• CMHA Ontario welcomes implementation of Police Records Check Reform Act

    … police are not permitted to disclose non-conviction mental health records, including those that stem from apprehensions under the Mental Health Act… non-conviction mental health records will no longer appear on police record checks… People have been turned down for volunteer work, jobs, school placements and cross-border travel because authorities shared non-conviction records and personal mental health information showed up on police record checks.

  • OCUFA submits recommendations on Bill 47, calls for reinstatement of fair labour laws

    Rolling back equal pay, options for consolidating bargaining units, fairer rules for joining unions, and other basic rights represent a major step backwards in efforts to address precarious work across the province… Workers on university campuses and in communities across the province are counting on these modest but important labour law improvements to support themselves and their families

  • New federal law creates official definition of poverty line

    The six-page bill sets targets of reducing poverty to 20 per cent below 2015 levels by 2020 and 50 per cent below 2015 levels by 2030. The target is based on a measure that lists 4.2 million Canadians as low income in 2015. Until now, discussions of poverty reduction have focused on three different ways of measuring poverty. Tuesday’s bill selects one of those – the market-basket measure – as Canada’s official poverty line… A third element of the legislation creates a national advisory council on poverty.

  • Don’t ignore Steve Bannon, Trump’s political philosopher

    The moral capitalism that rebuilt the world after the Second World War has been replaced by new forms unlinked to the foundations of Judeo-Christian belief. These new forms include state capitalism, where rewards are siphoned off by a small elite. They also include a strain of brutal libertarian capitalism that treats people as mere commodities. The new right populism is a reaction to this. It is a revolt of the middle and working classes against what Bannon calls the “administrative state.”

  • Loan program makes dreams possible for newcomers aiming to upgrade their skills

    Windmill, formerly known as Immigrant Access Fund Canada, received a $1 million grant from TD Bank as one of 10 winners of a challenge for fresh ideas to increase income stability and give people the skills for the future economy… Since its inception, the charity has helped more than 4,000 immigrants and refugees restart their careers in Canada, and many have seen their earnings double or triple as a result. More than half of recipients are in health care, including doctors, nurses, dentists, pharmacists and medical technicians. The loan repayment rate is 97.5 per cent.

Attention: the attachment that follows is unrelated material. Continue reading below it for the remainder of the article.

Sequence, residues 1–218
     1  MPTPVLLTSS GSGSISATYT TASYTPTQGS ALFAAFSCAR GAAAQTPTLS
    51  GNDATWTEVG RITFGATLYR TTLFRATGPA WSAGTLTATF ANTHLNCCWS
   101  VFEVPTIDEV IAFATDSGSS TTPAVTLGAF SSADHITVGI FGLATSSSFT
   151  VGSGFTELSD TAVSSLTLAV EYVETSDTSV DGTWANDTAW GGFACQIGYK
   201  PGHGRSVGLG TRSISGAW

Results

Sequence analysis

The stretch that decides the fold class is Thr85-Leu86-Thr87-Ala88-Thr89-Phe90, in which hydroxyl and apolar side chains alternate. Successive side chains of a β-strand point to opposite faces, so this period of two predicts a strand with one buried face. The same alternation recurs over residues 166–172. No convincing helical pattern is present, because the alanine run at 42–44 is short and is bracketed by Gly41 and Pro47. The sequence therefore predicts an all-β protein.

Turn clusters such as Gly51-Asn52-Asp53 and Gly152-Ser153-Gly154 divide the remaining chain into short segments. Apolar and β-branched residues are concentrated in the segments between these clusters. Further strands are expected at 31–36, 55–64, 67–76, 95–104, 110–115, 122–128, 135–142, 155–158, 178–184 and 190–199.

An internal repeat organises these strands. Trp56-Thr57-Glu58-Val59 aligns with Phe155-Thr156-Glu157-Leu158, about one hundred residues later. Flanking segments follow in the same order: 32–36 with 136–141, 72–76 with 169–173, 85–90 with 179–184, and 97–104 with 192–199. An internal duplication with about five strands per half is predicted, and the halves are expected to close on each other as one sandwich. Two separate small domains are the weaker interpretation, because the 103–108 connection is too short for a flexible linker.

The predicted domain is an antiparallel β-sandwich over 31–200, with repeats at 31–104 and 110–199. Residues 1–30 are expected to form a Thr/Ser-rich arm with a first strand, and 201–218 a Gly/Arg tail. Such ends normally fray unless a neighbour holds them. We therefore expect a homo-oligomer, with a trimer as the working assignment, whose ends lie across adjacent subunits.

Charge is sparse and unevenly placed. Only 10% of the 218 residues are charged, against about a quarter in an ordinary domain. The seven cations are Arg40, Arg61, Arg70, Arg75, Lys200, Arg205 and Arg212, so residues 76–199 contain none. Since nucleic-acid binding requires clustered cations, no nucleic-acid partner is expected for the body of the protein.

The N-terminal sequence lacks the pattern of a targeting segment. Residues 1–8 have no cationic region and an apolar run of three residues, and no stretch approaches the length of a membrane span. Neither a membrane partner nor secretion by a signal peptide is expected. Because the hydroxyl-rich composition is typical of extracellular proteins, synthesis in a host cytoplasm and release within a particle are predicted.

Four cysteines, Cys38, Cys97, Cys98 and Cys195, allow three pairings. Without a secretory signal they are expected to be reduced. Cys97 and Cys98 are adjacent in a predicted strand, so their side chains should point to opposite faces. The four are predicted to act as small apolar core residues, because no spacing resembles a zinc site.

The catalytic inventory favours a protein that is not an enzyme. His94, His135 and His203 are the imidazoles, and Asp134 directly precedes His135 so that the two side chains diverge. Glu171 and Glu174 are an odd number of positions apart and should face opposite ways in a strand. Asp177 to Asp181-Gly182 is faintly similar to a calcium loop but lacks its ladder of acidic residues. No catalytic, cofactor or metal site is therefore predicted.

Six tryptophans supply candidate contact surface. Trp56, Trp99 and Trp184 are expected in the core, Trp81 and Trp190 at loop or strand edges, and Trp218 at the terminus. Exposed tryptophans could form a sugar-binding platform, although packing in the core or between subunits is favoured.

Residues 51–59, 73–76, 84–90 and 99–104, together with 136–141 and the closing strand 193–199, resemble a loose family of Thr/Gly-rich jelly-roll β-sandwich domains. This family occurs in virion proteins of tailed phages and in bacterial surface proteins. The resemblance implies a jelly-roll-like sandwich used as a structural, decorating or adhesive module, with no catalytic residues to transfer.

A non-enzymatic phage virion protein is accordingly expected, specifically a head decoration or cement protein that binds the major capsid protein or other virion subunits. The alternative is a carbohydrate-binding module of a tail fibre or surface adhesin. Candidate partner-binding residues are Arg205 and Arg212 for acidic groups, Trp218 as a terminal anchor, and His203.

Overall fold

• The left has yielded language to the right

    … the biggest rhetorical victory of the right has been its capture of the term “populist.” Historically in North America, populism has had both left and right variants. Some were anti-immigrant and racist. But the most successful, such as the People’s Party of the late 19th century or the Progressives of the early 20th were left-leaning… populism has been no stranger to either Canada or the U.S. So it seems odd that it has become, among left-liberals, a dirty word.

  • Job programs for 450,000 Ontarians on social assistance show mixed results

    … the Ontario government needs to better tailor its job programs by emphasizing assignment to programs whose effects suit its goals… if the government’s strategy was to get people off social assistance, it could increase assignment to either job-search workshops or training programs, while if the aim is to reduce the probability of people returning to social assistance, they could focus on direct job placements.

  • Doug Ford government spins fake news to ditch minimum wage hike

    After two years of public consultations, special advisors leading “the largest review of Ontario’s labour laws conducted in decades” concluded in the 400-page Changing Workplaces Review report “that there are too many people in too many workplaces who do not receive their basic rights.” … for business lobbies to now say there has been no input and that Bill 148 is “too much too soon” is disingenuous… In fact, some of the changes… were modified by the business community.”

  • What Ontario can learn from the UK on reforming social assistance

    Over the past decade, the UK embarked on a series of welfare reforms with similar aims — to cut red tape while getting more long-term welfare recipients into sustained work. This paper summarizes the assessments of independent reviewers and auditors on the impact of those reforms and their value for money. It aims to identify lessons for Ontario as it pursues the same goals.

  • Open Letter to Minister MacLeod: Five Principles for the 100-day Review

    We agree that Ontario’s social assistance system doesn’t work, and that ensuring stability and providing support are what’s needed in a new system. Despite some small positive recent changes, the system is fundamentally the same as it was twenty years ago. It is based on outdated thinking and outmoded ideas about what the programs are supposed to achieve. Its continuing inadequacy of benefits and focus on punitive and coercive rules is counterproductive and simply traps people in poverty instead of providing the supports they need to stabilize and move forward in their lives.